"We had discussions with Mr Strong, his deputy Geoff Dixon and executive general manager for strategic planning Steve Mann, while on our side I had Kevin, Graeme Campbell [Ansett New Zealand general manager, international and retail] and two people from Simpson Grierson.

"We started by agreeing on a full commercial relationship including code-sharing and lounge access, then we had to think of a new name for the airline and came up with various suggestions including South Pacific Airlines, Triple Star, Spirit of New Zealand and Tasman Pacific.

"But as we got more involved with Qantas it became blindingly obvious - why were we trying to create another brand in the market when Qantas is one of the most recognisable brands in New Zealand and the world and a member of the Oneworld alliance?"

With the decision came a whole new set of discussions - Qantas had never done a franchise before and there were many issues including safety and on-board standards, sub-branding, card-holders, reservations, Oneworld access and co-operative fuel buying.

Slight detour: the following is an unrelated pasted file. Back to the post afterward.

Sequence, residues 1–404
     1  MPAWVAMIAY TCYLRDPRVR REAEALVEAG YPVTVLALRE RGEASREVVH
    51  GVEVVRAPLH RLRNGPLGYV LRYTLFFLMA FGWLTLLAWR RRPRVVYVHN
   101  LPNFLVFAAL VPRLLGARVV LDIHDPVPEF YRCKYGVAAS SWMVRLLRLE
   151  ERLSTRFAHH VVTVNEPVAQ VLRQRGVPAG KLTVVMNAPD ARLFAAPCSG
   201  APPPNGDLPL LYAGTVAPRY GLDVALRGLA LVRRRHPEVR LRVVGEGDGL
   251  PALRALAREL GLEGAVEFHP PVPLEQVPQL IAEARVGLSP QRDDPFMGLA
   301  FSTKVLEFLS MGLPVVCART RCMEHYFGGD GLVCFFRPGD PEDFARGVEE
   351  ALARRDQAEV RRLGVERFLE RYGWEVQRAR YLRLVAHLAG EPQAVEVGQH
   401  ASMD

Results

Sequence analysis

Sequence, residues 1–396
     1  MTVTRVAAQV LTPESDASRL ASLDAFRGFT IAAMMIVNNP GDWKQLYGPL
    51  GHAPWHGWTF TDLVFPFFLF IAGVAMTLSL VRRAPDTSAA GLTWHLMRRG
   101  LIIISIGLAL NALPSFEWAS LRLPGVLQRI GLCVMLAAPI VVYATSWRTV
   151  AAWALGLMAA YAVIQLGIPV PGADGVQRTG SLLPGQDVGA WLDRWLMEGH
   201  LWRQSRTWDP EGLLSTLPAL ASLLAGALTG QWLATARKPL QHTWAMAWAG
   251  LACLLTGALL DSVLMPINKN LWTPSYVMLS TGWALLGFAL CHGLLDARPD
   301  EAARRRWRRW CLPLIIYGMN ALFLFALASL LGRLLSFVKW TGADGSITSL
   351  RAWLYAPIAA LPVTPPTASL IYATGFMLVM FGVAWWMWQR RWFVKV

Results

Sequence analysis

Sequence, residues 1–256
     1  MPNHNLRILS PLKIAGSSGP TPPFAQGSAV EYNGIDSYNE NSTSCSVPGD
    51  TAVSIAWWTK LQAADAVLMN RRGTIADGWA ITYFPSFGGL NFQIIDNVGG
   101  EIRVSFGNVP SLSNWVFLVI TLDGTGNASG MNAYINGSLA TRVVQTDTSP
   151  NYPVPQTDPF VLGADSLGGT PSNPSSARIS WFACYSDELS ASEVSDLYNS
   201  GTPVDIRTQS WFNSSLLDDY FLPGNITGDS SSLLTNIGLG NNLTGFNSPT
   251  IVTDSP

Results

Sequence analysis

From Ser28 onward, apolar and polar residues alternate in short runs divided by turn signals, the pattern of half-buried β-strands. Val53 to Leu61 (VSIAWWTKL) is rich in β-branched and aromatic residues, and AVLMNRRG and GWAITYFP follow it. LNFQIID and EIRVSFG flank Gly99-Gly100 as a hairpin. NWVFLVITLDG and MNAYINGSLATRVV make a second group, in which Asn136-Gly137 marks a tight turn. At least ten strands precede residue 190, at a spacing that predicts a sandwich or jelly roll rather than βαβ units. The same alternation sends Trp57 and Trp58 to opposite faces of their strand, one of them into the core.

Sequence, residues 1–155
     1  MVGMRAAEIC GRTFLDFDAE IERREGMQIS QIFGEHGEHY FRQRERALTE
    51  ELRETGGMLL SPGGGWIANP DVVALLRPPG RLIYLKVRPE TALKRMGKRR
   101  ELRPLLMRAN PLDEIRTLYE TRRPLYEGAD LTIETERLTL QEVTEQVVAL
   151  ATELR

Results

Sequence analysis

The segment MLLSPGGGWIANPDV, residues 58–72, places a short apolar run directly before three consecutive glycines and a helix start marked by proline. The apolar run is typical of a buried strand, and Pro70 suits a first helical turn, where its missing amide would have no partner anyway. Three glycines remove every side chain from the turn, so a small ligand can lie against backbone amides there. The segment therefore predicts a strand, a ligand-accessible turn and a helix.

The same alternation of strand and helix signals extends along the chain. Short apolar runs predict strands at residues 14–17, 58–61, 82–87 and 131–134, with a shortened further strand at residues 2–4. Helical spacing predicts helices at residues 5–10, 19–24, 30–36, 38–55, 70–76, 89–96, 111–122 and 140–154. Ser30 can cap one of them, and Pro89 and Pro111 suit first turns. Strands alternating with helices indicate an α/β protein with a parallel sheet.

"The acquisition was extremely complex though only about 10% the size of the $270 million Auckland Savings Bank acquisition of Sovereign but now we have a fantastic business. It's even better than envisaged with the full Qantas relationship.

"I have been upset to see New Zealand assets unnecessarily sold offshore - there is a myth that there is not enough money here but there is plenty to buy good assets. We have been able to put together a group to buy this business more than 80%-owned by New Zealanders and with one of the strongest brands in the world behind it - that's the real buzz for me."